If we want “good work” then how about starting with facing up to harassment and discrimination? How about facing into the fact that too many people go into work every day with a sense of dread? How about being honest that we have people in business, in society that are taken advantage of others, and we know?
If HR wants to stand for something, how about standing for workplaces free of inappropriate behaviour, free of harassment and free of intimidation. How about standing for something better.
That doesn’t mean that bad things won’t happen. We cannot be all seeing, all knowing, omnipotent superheroes. But there is a long and significant continuum that reaches from deity, to turning a blind eye. And maybe we should be a little bit more focussed on shifting our performance along that line.
As I’ve said before, when these actions take place, somebody knows. And worse than that, often numerous people know. And even worse, often HR departments know. And if we know and we fail to act, we betray our organisations and our profession.
What if we came together and said. “no more”? That as a profession we would no longer work for, or in, organisations that failed to tackle underlying issues with harassment or constant inappropriate behaviour. That we would raise the issues internally and if they weren’t properly handled, externally. That we would stand for something bigger and better than just doing our jobs.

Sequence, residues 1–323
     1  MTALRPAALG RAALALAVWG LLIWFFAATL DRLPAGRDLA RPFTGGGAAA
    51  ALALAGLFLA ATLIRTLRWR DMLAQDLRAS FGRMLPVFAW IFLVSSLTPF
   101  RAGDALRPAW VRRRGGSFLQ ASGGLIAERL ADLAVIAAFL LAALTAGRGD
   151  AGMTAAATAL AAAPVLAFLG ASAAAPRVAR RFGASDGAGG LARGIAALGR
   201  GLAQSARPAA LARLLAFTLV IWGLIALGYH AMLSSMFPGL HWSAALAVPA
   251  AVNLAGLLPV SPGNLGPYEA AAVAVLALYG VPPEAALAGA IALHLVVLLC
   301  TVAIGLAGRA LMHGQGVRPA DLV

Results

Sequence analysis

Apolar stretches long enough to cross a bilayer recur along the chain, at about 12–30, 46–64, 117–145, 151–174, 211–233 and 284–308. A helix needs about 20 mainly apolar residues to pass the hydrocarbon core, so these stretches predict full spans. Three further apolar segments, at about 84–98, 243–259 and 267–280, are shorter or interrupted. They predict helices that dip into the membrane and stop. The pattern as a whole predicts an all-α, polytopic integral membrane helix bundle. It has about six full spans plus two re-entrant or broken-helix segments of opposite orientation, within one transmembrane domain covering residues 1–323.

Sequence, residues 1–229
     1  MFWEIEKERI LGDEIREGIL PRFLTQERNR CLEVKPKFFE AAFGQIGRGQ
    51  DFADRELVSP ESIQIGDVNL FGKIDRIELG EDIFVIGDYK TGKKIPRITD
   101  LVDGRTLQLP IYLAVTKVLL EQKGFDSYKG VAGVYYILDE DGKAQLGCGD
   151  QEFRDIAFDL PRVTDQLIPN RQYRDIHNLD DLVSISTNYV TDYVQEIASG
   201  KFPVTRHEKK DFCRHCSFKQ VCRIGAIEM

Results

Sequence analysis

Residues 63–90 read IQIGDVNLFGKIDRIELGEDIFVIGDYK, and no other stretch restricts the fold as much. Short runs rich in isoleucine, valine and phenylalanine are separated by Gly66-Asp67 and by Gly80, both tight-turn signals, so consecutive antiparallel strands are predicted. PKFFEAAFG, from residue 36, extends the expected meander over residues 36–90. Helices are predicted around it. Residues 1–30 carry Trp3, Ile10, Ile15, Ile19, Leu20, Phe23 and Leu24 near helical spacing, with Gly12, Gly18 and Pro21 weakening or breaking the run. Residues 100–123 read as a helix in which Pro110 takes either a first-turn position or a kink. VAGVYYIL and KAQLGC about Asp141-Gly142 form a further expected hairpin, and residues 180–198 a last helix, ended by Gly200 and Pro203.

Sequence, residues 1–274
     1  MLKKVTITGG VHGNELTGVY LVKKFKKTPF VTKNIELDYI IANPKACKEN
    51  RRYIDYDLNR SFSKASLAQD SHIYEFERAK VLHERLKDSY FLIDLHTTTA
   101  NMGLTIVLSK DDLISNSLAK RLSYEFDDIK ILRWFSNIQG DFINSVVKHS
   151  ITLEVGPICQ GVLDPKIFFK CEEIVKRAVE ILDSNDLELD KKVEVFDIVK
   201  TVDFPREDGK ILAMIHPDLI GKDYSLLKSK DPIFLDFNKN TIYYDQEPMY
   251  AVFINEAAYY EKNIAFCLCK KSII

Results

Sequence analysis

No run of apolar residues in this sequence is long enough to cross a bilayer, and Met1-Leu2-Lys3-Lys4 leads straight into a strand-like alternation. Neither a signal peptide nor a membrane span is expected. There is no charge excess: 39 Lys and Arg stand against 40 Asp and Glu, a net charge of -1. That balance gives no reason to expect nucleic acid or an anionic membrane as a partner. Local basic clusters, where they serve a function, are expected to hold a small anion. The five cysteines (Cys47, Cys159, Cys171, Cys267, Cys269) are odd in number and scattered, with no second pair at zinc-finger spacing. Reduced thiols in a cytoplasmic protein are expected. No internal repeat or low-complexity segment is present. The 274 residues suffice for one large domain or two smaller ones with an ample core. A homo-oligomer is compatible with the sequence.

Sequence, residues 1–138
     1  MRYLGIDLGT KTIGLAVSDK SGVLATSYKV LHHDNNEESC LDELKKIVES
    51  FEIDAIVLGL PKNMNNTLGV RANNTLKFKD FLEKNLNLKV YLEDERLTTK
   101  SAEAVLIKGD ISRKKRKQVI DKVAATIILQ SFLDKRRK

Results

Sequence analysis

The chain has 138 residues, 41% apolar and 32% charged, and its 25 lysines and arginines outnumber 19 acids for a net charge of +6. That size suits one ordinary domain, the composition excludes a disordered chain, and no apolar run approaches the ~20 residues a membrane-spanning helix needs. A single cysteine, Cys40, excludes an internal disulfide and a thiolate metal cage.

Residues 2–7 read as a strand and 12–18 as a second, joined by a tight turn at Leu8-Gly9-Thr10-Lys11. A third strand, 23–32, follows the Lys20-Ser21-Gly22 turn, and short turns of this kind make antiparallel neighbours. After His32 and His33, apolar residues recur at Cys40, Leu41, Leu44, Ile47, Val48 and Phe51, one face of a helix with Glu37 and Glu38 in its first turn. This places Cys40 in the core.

What if we were really about, trying to make work better for everyone?
Every day is full of a myriad of choices, the majority of these are small and seemingly meaningless. Whether you hold open the door for someone that’s coming toward you, or put your hand in your pocket for the person sat on the pavement on your way into work. But in cumulation, these actions, these micro choices are the things that define who you are and how you present.
Our choices and our actions define us.
And likewise in organisations, the myriad of small things also define who we are. We can make statements about what we want to be, or what we think we are. We can create vision and values models that provide us with a semblance of reassurance, but ultimately how we act is how we are, not what we believe.
As a simple case in point, I was looking at the Sunday Times, Best Companies the other day and to my surprise towards the top is a company that I know a little about. If I were to share with you some of the practices that have taken place, the way in which employees have been treated, you would – like me – question how they managed to remain operational never mind receiving accolades. But the badge must mean that they’re great…
Our responsibility as leaders of organisations, as leaders of people is to bring the highest ethical standards into our work. We have a responsibility that should weigh heavily on our shoulders beyond the desire for acclaim. We need to act with the highest levels of honesty and integrity, because it is the right thing to do, not because it will be recognised.
Ultimately we are all responsible for our own choices and actions, there is no mitigation, no explanation. We are, not how we think, but how we act.